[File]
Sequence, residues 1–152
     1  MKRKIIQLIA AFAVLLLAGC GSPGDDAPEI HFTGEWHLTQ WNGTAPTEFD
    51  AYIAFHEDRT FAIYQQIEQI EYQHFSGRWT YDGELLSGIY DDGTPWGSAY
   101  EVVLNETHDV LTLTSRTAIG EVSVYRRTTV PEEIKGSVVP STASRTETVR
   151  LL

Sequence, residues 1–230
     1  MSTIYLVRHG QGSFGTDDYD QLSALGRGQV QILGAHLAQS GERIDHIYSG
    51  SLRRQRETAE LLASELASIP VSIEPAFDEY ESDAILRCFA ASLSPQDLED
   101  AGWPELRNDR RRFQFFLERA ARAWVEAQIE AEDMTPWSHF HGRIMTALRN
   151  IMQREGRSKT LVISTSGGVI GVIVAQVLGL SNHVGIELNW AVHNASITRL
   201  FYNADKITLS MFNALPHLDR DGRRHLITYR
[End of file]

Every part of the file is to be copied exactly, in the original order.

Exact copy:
Sequence, residues 1–152
     1  MKRKIIQLIA AFAVLLLAGC GSPGDDAPEI HFTGEWHLTQ WNGTAPTEFD
    51  AYIAFHEDRT FAIYQQIEQI EYQHFSGRWT YDGELLSGIY DDGTPWGSAY
   101  EVVLNETHDV LTLTSRTAIG EVSVYRRTTV PEEIKGSVVP STASRTETVR
   151  LL

Sequence, residues 1–230
     1  MSTIYLVRHG QGSFGTDDYD QLSALGRGQV QILGAHLAQS GERIDHIYSG
    51  SLRRQRETAE LLASELASIP VSIEPAFDEY ESDAILRCFA ASLSPQDLED
   101  AGWPELRNDR RRFQFFLERA ARAWVEAQIE AEDMTPWSHF HGRIMTALRN
   151  IMQREGRSKT LVISTSGGVI GVIVAQVLGL SNHVGIELNW AVHNASITRL
   201  FYNADKITLS MFNALPHLDR DGRRHLITYR